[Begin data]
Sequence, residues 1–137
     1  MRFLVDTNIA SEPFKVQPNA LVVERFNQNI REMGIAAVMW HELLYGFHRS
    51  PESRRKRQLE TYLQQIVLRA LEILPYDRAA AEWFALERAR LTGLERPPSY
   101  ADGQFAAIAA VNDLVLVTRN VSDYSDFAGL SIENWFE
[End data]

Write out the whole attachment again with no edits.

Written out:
Sequence, residues 1–137
     1  MRFLVDTNIA SEPFKVQPNA LVVERFNQNI REMGIAAVMW HELLYGFHRS
    51  PESRRKRQLE TYLQQIVLRA LEILPYDRAA AEWFALERAR LTGLERPPSY
   101  ADGQFAAIAA VNDLVLVTRN VSDYSDFAGL SIENWFE